We also demonstrated that splicing regulation of CTLC-ex31 is essential for skeletal muscle development and muscle fiber organization. During muscle development, the structure of clathrin’s trimerization domain switched from the embryonic clathrin isoform to the CLTC-ex31 muscle isoform in adults. We showed by forced in vivo exon skipping that lack of the CLTC-ex31 muscle isoform impairs muscle architecture and force generation. These results indicate that the absence of these seven amino acids directly impacts clathrin function in muscle and produces a defective adhesion phenotype previously observed upon in vivo clathrin depletion (Vassilopoulos et al., 2014). Interestingly, we described an abnormal splicing of CLTC-ex31 in skeletal muscle cells and tissue from cDM1 patients. This genetic disease caused by the expression of expanded microsatellite repeats is associated with a spliceopathy due to altered activities of MBNL and CELF splicing factors. Among other splicing defects, we observed a correlation between CLTC-ex31 splicing and muscle disease severity in cDM1 patients. Analysis of clathrin ultrastructure and CME activity performed on patient myotubes confirmed their myoblast immature-like phenotype, similar to the experimental CLTC-ex31 skipping performed on control myotubes. This observation also raises the question of the involvement of CLTC-ex31 mis-splicing in the immature muscle phenotype described in cDM1 (Farkas-Bargeton et al., 1988). Ultrastructural abnormalities observed in Cltc exon 31 skipped fibers, such as detachment of the contractile apparatus and subsarcolemmal disorganizations reminiscent of ringed fibers, have been reported in several muscular dystrophies including DM1 (Brooke and Engel, 1969; Harper, 2001; Schröder and Adams, 1968). However, the presence of detachments between the sarcolemma and underlying sarcomeres was shown to be a characteristic feature of CHC depletion in skeletal muscle (Vassilopoulos et al., 2014), suggesting that this phenotype could be associated with clathrin loss of function and defective plaque formation. Thus, we suggest that abnormal splicing switch of CLTC exon 31 could directly contribute to the muscle fiber deterioration observed in severe forms of DM1.
In conclusion, our work identifies CLTC-ex31 alternative splicing as a new modulator of clathrin-coated structure plasticity. We reveal how removing or adding a single exon modifies the clathrin polymerization mode and propose that clathrin is genetically regulated to produce functional diversity.
Materials and methods
Cultured cells grown on glass coverslips were “unroofed” by sonication as described previously (Heuser, 2000). Platinum replicas of unroofed adherent PMs were then obtained as follows: 2% glutaraldehyde/2% PFA-fixed cells were sequentially treated with 1% OsO4, 1% tannic acid, and 1% uranyl acetate before graded ethanol dehydration and substitution with hexamethyldisilazane (Sigma-Aldrich). Dried samples were then rotary-shadowed with 2 nm of platinum and 5–8 nm of carbon using an ACE600 metal coater (Leica Microsystems). The resultant platinum replica was floated off the glass with hydrofluoric acid (5%), washed several times in distilled water, and picked up on 200-mesh formvar/carbon-coated EM grids. For morphological EM, mouse muscles were fixed by intra-aortic perfusion with 2% PFA and 2% glutaraldehyde in 0.1 M phosphate buffer (pH 7.4). TA samples were postfixed with 2% OsO4 in 0.1 M phosphate buffer (pH 7.4) for 1 h, then dehydrated in a graded series of acetone including a 1% uranyl acetate staining step in 70% acetone, and finally embedded in epoxy resin (EMBed-812; Electron Microscopy Sciences). Ultra-thin (70-nm) sections were then stained with uranyl acetate and lead citrate and mounted on EM grids. Observations of EM grids were made on a Philips CM120 electron microscope operated at 80 kV, and images were recorded with a Morada digital camera (Olympus). Images were processed in Adobe Photoshop to adjust brightness and contrast, and unroofed PMs are presented in inverted contrast.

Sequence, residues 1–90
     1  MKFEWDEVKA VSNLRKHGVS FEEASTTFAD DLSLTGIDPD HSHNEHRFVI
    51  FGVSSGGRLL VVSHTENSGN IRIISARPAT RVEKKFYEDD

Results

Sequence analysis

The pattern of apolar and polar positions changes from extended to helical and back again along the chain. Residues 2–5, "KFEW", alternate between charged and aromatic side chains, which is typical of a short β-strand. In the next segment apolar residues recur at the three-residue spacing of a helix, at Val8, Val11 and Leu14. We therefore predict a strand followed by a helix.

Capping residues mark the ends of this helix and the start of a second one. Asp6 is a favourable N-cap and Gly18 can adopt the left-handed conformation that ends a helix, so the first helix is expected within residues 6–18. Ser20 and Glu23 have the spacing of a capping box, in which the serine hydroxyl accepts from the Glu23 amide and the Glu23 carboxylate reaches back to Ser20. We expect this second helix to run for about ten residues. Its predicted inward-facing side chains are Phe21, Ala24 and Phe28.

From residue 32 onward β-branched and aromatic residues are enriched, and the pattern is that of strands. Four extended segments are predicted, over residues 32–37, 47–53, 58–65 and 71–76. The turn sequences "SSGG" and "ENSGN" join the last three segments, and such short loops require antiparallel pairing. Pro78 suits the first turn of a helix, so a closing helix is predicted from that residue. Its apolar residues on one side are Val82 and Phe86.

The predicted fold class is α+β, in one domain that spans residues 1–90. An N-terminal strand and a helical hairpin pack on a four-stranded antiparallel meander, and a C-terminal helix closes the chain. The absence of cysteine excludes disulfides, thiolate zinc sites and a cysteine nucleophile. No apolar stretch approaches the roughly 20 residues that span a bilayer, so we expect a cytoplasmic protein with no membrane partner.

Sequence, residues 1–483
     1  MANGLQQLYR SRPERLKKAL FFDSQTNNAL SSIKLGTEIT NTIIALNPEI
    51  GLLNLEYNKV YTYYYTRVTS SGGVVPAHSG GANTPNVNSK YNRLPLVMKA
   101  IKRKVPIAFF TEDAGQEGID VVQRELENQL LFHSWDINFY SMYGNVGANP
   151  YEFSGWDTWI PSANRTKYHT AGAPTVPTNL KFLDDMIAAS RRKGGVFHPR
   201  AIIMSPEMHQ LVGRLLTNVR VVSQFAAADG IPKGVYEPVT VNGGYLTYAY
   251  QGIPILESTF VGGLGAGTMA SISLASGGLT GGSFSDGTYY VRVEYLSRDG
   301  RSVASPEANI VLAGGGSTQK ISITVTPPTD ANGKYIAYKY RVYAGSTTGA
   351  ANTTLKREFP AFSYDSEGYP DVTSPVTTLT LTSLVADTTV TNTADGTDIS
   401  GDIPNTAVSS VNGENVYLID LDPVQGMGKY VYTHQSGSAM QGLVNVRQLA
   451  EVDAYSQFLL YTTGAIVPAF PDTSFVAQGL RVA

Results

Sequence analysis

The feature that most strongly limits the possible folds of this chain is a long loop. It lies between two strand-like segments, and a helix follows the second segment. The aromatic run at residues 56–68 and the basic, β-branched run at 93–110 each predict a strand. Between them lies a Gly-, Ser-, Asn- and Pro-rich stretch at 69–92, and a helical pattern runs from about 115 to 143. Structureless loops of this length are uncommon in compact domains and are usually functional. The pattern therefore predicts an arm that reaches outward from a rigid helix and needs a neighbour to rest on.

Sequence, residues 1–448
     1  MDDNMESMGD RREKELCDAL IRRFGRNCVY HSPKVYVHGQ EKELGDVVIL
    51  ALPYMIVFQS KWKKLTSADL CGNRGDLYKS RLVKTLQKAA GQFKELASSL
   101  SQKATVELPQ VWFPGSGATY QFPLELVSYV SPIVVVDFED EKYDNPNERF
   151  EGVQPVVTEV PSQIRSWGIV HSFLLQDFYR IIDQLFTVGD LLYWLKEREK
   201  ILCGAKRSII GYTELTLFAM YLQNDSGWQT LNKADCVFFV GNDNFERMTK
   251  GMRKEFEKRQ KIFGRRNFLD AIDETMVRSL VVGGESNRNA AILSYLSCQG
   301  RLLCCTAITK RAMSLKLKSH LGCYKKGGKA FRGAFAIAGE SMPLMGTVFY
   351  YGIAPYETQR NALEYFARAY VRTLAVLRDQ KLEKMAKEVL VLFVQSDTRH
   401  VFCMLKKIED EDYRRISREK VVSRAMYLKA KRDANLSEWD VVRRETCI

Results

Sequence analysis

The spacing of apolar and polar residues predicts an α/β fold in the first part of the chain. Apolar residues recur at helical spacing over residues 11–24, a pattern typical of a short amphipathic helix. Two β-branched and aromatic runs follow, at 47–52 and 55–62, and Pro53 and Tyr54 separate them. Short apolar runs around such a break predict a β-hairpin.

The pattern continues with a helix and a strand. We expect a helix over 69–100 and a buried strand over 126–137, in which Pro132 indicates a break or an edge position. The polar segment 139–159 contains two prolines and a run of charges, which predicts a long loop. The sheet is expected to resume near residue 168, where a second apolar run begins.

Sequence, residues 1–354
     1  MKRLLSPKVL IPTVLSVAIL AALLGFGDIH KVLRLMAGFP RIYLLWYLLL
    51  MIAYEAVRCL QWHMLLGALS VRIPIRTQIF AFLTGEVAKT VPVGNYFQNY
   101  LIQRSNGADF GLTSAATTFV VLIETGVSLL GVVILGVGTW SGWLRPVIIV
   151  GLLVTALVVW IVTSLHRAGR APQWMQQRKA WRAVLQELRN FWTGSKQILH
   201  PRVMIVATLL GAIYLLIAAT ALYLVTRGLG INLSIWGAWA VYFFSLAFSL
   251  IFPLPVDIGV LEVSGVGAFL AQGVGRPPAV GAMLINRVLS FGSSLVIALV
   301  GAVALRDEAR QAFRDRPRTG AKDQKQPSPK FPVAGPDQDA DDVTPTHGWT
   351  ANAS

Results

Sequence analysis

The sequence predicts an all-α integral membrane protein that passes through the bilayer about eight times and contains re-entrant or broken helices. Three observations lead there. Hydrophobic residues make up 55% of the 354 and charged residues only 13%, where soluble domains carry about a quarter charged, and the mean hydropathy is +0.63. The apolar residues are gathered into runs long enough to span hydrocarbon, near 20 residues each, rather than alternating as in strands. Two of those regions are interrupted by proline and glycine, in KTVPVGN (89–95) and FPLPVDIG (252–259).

Clathrin structure morphometric analysis
Clathrin structures were manually delineated on unroofed PM pictures using ImageJ software (Schneider et al., 2012; National Institutes of Health; https://imagej.nih.gov/ij/) as shown in red in Fig. S3 A. Each object was classified as a CCP or a plaque by the observer; then, the object’s area, mean gray value, and minimum and maximum Feret diameters were measured. Each picture membrane area and the membrane background mean gray value (manually thresholded to exclude clathrin structures) were also measured for normalization and background subtraction purposes. Observer manual classification was used for quantification of size and density (object count normalized by membrane area). Each clathrin structure curvature was calculated as its mean gray value minus the mean membrane background, as shown in Fig. S3 A. Objects were presented on dot plots using the curvature and area parameters and were segregated into four quadrants using an area cutoff threshold of 40,000 nm2, corresponding to the size of the largest CCPs encountered with diameters of ∼200 nm and an empirical curvature threshold set at 35 (out of the 256 gray levels on an 8-bit image, with mean gray background level subtraction) based on manual observer classification of plaques in control membranes. The percentage of objects in each quadrant was reported. A method to further subclassify the objects into eight classes using their ellipticity is presented in Fig. S3. An object’s ellipticity was measured as 1 minus the minimum Feret diameter over the maximum Feret diameter. The ellipticity cutoff threshold was placed at 0.33, corresponding to objects having a long axis 1.5 times bigger than their short axis.